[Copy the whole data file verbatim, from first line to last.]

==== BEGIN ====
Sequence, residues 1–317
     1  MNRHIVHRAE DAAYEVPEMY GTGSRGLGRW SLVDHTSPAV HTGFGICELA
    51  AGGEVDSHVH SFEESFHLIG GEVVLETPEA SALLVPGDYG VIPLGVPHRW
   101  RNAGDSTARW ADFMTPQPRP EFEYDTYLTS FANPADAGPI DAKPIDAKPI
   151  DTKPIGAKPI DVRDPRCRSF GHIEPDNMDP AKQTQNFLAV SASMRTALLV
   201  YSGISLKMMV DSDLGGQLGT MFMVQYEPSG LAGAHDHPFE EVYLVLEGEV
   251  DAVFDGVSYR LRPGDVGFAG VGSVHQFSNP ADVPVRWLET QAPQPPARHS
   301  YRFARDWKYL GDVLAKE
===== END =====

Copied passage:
Sequence, residues 1–317
     1  MNRHIVHRAE DAAYEVPEMY GTGSRGLGRW SLVDHTSPAV HTGFGICELA
    51  AGGEVDSHVH SFEESFHLIG GEVVLETPEA SALLVPGDYG VIPLGVPHRW
   101  RNAGDSTARW ADFMTPQPRP EFEYDTYLTS FANPADAGPI DAKPIDAKPI
   151  DTKPIGAKPI DVRDPRCRSF GHIEPDNMDP AKQTQNFLAV SASMRTALLV
   201  YSGISLKMMV DSDLGGQLGT MFMVQYEPSG LAGAHDHPFE EVYLVLEGEV
   251  DAVFDGVSYR LRPGDVGFAG VGSVHQFSNP ADVPVRWLET QAPQPPARHS
   301  YRFARDWKYL GDVLAKE